Bibles in schools should raise alarms |

Bibles in schools should raise alarms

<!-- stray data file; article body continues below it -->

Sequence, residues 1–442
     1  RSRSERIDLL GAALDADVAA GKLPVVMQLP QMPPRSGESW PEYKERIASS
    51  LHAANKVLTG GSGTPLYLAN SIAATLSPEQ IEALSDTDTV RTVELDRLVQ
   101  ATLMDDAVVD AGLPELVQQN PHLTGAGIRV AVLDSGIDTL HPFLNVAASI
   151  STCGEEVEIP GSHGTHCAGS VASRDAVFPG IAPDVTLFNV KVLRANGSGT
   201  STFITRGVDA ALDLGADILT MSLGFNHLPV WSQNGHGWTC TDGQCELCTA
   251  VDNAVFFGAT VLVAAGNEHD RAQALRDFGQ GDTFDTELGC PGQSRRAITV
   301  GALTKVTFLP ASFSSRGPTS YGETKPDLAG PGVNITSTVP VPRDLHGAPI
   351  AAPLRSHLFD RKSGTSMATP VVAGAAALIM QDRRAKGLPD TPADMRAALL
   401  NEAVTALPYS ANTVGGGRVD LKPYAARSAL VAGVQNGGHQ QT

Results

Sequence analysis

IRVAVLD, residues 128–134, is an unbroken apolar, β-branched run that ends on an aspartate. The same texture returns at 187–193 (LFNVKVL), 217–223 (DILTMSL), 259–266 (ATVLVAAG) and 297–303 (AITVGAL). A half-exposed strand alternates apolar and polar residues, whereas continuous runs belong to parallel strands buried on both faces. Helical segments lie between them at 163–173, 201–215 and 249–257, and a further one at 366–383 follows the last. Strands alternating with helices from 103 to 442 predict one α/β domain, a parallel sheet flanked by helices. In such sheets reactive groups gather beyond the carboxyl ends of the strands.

RE: Gideons ask local students: ‘Would you like a free Bible?’ (SDN, May 24) I suspect that many around here can do without the meddling opinions of visitors, but c’mon folks, I live in Nashville, and even there in the buckle of the bible belt, the people who run our public schools are smart enough to know not to allow distribution of bibles inside middle schools and high schools.Your news story about this indicates that Summit County attorneys are treating the schools as a “limited public forum.” That’s a term in constitutional law describing public property that is not fully open to public speech at any time (like a sidewalk might be), but rather open only at certain times to some types of expressive activity, as determined by government officials. When allowing outside groups to “speak” inside the school during the school day, the law says that officials can create restrictions that are reasonably related to the forum’s purpose – as long as the restrictions are “viewpoint neutral” – not preferring any one view (religious or otherwise) over another.It borders on absurd for the school superintendent to suggest, as she does in your story, that keeing out Bible distribution would force the schools to disallow distribution of college recruiting materials or dictionaries. This is precisely the sort of call involving expression that is relevant to the purpose of the forum (education, presumably) that the law permits school officials to make. Summit County residents should be alarmed at the prospect of difficulties related to viewpoint neutrality. The school system, by allowing the Gideons to hand out literature, will have to allow virtually any other religious group to do likewise. At some point, when the school system rebuffs some group wanting to promote some fringe or whacky set of beliefs, the group will sue the district in federal court for a First Amendment violation (viewpoint neutrality or the establishment clause, take your pick), probably win, and be awarded hefty legal fees – payable by the nice taxpayers of Summit County – to cover the costs of correcting this preventable error.I’m guessing this is not the kind of expenditure most residents have in mind when they fund public schools. Your school administrators and attorneys are leading you down a treacherous path – one that also happens to teach your kids a terribly flawed civics lesson about the relationship between church and state in this country.

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